ERIC Number: EJ855806
Record Type: Journal
Publication Date: 2009
Abstractor: As Provided
Reference Count: 33
Student Perceptions and Cognitive Load: What Can They Tell Us about E-Learning Web 2.0 Course Design?
Lambert, Judy; Kalyuga, Slava; Capan, Lisa A.
E-Learning, v6 n2 p150-163 2009
The described study investigated the effectiveness of an e-learning Web 2.0 course redesigned from the perspective of cognitive load theory. The analyzed variables were course wiki design features, levels of instructor support, levels of cognitive load and engagement, and values students placed on particular pedagogical approaches used during instruction. Descriptive statistics were used to examine potential relationships between students' prior experience in distance learning and using technology, anxiety, and engagement. Results suggest that prior experience in distance education and technology is associated with lower anxiety and higher engagement. Web 2.0 technologies may not impose excessive levels of mental load when intrinsic and extraneous cognitive loads are reduced sufficiently by providing an organized and clear course design and selecting engaging materials and activities suitable for different levels of learner expertise. While experienced learners tend to be more engaged in cognitively challenging activities that require higher level cognitive processes, novices usually need more scaffolds. (Contains 8 tables.)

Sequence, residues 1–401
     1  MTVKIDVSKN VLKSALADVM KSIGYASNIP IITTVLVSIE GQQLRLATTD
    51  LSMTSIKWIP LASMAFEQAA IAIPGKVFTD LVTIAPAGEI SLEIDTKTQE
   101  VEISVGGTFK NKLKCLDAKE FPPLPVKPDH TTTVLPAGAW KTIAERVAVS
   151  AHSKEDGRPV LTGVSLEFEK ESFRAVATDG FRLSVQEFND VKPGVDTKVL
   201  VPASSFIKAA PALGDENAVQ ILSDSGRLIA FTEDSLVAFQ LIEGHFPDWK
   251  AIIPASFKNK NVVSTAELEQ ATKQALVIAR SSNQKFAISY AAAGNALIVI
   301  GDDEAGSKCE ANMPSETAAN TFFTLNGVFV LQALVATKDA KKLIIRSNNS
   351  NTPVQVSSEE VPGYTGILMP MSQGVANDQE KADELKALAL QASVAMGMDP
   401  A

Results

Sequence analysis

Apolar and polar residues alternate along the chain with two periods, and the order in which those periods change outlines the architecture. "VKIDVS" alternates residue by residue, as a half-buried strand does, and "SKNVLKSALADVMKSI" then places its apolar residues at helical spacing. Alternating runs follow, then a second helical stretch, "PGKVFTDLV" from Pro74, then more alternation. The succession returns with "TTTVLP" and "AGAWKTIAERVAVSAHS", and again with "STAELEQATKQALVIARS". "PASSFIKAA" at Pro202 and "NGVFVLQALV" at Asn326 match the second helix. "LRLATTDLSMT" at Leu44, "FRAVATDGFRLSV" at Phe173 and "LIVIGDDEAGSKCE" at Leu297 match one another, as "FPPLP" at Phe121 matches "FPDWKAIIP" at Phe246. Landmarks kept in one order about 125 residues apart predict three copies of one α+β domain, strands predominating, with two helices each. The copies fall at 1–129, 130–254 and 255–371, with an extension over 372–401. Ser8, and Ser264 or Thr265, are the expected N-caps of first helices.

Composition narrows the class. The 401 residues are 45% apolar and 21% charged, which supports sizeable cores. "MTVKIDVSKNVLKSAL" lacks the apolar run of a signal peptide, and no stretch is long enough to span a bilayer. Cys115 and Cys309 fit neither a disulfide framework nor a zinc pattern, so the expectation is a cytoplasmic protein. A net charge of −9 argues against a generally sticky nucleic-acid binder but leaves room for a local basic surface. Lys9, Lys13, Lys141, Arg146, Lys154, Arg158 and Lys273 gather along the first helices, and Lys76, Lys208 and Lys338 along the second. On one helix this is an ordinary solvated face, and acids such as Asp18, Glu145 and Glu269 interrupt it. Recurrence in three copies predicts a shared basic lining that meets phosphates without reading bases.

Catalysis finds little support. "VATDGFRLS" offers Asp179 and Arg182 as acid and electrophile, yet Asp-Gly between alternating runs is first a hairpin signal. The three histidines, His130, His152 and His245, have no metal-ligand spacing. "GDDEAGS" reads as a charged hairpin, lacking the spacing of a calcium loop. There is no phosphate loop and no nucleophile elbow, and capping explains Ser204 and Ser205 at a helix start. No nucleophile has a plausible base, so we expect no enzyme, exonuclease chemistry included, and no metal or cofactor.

Descriptors: Electronic Learning, Electronic Publishing, Instructional Design, Internet, Distance Education, Computer Assisted Instruction, Cognitive Processes, Anxiety, Student Attitudes, Difficulty Level, Instructional Effectiveness, Correlation, Predictor Variables, Learner Engagement, Prior Learning, Student Experience, Schemata (Cognition), Cognitive Structures, Graduate Students, Education Courses, Course Evaluation, Course Descriptions, Student Surveys
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Publication Type: Journal Articles; Reports - Evaluative
Education Level: Higher Education; Postsecondary Education
Authoring Institution: N/A